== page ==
A visitor to the AGM writes a tribute to Robert Freeman on the gallery wall. Messages included "Rob, you will be missed and forever remembered" and "Always did your best to raise the bar for the arts in Mississauga."

A visitor to the AGM writes a tribute to Robert Freeman on the gallery wall. Messages included "Rob, you will be missed and forever remembered" and "Always did your best to raise the bar for the arts in Mississauga."

Mississauga's arts community gathered Saturday afternoon (Jan. 12) to celebrate the life of a man regarded as one of its greatest supporters.

Robert Freeman, executive director and curator of the Art Gallery of Mississauga, who died in December, was remembered as a man whose humble manner and thoughtful personality couldn't disguise his deep passion for the arts.

"Rob Freeman was one of the staunchest supporters of the arts in Mississauga, and for that he will be dearly missed," said Susan Burt, director of the city's Culture Division.

Calling him a "wonderful colleague," Burt told the audience, "He was a great person to talk to about art and about life in general. And he had a wonderful sense of humour, he could always laugh."

Burt was among a long line of people who rose to share their memories of Freeman at the packed memorial service held at the AGM. More than 150 people crowded into the gallery's main exhibition space, which was for once empty of artworks and with only a single television showing images from Freeman's life.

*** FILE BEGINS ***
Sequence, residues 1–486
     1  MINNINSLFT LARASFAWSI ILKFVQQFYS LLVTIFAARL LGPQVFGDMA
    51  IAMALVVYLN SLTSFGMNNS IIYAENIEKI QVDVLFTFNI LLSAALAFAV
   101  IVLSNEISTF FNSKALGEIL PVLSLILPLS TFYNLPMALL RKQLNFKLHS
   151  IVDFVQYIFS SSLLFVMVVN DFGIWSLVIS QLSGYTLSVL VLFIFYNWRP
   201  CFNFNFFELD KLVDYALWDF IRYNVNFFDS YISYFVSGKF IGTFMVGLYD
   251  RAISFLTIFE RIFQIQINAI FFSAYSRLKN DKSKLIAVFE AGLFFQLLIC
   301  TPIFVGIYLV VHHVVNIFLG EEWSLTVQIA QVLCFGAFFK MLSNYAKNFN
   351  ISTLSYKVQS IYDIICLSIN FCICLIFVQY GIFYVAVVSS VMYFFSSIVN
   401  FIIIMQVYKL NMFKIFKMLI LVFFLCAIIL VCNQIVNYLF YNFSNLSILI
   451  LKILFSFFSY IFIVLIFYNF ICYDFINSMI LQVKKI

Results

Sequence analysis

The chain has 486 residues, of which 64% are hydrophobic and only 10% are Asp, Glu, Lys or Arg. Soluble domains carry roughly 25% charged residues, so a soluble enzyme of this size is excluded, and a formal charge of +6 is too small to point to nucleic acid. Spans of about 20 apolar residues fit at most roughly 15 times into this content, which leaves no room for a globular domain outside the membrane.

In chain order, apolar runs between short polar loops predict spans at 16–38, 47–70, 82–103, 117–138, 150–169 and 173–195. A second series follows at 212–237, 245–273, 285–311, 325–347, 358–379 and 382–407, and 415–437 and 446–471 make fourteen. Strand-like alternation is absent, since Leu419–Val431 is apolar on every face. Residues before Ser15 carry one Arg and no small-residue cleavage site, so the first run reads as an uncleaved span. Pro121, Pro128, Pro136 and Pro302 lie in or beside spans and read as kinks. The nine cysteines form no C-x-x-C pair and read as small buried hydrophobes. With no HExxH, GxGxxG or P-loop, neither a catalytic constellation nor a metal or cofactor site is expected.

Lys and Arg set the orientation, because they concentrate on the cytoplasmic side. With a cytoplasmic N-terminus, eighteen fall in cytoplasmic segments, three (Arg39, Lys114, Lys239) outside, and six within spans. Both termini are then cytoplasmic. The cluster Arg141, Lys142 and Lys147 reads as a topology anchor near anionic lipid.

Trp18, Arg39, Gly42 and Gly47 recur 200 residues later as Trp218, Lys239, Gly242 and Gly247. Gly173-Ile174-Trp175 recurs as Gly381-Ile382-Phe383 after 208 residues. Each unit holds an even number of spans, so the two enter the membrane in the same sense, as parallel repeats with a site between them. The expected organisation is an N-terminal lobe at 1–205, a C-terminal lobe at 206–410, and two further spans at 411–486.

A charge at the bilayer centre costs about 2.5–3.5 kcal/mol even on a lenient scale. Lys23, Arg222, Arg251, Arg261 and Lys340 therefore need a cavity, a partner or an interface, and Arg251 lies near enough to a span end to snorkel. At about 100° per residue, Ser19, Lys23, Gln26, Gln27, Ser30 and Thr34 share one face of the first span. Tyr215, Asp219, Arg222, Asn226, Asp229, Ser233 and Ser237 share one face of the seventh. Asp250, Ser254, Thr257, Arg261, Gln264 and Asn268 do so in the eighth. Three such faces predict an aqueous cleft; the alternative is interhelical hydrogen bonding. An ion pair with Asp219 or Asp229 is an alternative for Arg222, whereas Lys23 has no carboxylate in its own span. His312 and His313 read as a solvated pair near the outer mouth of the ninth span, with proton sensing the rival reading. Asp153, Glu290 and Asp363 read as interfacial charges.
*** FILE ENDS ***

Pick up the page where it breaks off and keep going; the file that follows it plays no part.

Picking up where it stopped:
Outside the room, visitors were encouraged to pencil their tributes to Freeman on the white walls of the gallery. Dozens had done so.

Standing at a podium placed before a dramatic red and white background, speaker after speaker paid tribute to Freeman, who died at the age of 62 after battling lung cancer.  

First to speak was the mayor, then followed members of parliament, councillors and cultural leaders. After them came the artists, co-workers, colleagues and gallery volunteers.

Their memories of Freeman were diverse and their anecdotes referenced everything from plastic salmon to David Bowie, but all the speakers were united in a deep respect and fondness for a man whose death shocked the city's arts community.  

Bohdan Shulakewych, president of the Mississauga Arts Council, said Freeman believed art should be an intrinsic part of life.

"The vehicle to bring this to our community and to grow our community is through an art gallery," Shulakewych said, "but he believed fundamentally that art should exist in all of us and be part of our lives everyday. We have lost a friend to the arts community in Mississauga."  

Freeman joined the AGM as its curator in 2001, adding the title of executive director in 2007 and ambitiously promoted a plan to expand the gallery. Current curator Stuart Keeler called Freeman a mentor and said that "he loved art and loved artists even more," listing the names of many of the emerging talents Freeman had helped nurture.

Saying that Freeman's voice would continue to guide the gallery's staff, Keeler added that he often asks himself, "What would Robert do?"

dpaterson@mississauga.net